Unfortunately, some of the larvae about half-way through their development were victims of the comb breakage.  The bees will harvest the doomed larvae as a protein source–bees waste nothing.  Once they’ve rebuilt the comb,  Ms.Queen will probably lay more eggs in the new comb.


Ramping up indeed!  I was pleased to see that Woody and Buzz seem healthy and next time we open up the hives, we plan to conduct our first varroa mite check for the season.

Sadly, Scar is on her way out as a viable hive.  There were five full combs of honey in the top box–we took three out–but the lower boxes contained mostly empty comb. There is no brood, indicating that the queen has probably died and while there are worker bees busily foraging and still engaging in most of their bee work, there’s no new generation to nurture.  Last year, we decided that once our Langstroth hives (Buzz and Woody) were up and buzzing, we’d allow Scar to atrophy naturally–there would be no extreme measures to keep her going.  Still, I’m a little sad and must admit to a temptation to re-queen her.  But Scar is a difficult hive to maintain and I’ve become quite spoiled at the ease of working with Buzz and Woody in all their Langstroth glory, so I imagine I’ll keep with the original plan and let Scar go. Scar’s bees will live out the rest of their lives over the next month or so and then she will be empty.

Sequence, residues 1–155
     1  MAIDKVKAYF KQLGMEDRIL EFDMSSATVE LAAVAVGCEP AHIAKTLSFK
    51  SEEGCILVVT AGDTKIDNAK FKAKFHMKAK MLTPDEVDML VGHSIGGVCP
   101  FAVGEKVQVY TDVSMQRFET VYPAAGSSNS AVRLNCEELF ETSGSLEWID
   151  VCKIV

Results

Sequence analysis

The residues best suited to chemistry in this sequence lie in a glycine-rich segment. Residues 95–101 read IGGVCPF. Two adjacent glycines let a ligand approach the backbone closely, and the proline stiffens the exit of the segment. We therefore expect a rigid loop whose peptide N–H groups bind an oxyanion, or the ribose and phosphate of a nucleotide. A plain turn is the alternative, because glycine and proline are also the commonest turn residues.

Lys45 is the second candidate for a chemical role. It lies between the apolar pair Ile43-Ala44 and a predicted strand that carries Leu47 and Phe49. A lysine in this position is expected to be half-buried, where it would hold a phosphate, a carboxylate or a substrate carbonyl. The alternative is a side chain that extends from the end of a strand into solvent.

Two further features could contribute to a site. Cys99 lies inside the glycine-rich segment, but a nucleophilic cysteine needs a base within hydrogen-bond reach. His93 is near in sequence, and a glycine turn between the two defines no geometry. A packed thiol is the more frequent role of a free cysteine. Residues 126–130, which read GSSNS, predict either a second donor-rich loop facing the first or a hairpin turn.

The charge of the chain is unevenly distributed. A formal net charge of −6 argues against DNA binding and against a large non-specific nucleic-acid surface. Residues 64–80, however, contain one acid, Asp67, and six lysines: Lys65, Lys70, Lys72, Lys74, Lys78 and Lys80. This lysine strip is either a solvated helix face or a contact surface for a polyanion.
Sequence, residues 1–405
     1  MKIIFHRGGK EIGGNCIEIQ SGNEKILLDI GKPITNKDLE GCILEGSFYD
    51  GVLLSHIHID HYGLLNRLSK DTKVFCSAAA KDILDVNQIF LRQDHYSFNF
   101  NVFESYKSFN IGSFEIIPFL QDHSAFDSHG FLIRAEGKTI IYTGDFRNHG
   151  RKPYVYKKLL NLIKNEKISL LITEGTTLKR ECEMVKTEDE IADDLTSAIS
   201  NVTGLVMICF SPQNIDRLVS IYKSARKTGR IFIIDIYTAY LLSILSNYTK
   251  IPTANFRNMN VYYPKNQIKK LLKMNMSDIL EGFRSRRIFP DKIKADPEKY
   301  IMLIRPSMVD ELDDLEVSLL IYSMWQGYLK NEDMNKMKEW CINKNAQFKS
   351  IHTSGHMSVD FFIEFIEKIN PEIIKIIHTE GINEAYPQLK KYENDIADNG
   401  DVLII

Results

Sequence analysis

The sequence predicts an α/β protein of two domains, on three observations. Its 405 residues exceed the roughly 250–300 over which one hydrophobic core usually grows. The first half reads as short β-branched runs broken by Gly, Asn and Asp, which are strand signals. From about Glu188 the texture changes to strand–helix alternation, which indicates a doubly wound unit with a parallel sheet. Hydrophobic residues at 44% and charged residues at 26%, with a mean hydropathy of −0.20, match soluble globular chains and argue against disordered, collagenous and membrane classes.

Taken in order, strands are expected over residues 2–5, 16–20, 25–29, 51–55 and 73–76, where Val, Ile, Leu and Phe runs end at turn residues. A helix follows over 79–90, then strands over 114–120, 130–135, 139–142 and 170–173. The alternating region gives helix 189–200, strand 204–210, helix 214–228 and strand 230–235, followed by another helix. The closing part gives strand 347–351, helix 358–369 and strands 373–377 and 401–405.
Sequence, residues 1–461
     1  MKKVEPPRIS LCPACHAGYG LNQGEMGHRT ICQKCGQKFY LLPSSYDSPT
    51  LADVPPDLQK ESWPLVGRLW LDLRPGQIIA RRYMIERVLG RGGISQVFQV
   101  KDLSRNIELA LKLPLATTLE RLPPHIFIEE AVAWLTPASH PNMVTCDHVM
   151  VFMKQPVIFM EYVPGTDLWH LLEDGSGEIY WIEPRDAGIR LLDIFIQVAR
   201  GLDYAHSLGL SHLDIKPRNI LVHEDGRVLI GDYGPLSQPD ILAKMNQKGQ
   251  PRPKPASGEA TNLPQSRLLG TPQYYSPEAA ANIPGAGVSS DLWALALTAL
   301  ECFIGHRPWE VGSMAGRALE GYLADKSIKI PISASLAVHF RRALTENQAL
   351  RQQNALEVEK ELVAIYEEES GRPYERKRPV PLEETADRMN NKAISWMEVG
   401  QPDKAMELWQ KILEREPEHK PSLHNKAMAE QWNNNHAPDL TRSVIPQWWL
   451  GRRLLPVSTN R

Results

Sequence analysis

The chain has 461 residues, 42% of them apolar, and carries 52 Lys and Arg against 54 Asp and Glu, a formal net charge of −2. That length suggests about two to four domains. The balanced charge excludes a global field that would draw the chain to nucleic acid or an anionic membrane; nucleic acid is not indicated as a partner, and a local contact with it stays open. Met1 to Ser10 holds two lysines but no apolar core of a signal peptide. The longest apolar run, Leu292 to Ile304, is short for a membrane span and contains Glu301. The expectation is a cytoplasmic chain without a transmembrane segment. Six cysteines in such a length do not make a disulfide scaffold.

I’ll plant something bee-friendly in that shady spot in Scar’s memory: maybe a nice Evergreen sumac, Rhus virens  or Turk’s capMalvaviscus arboreus.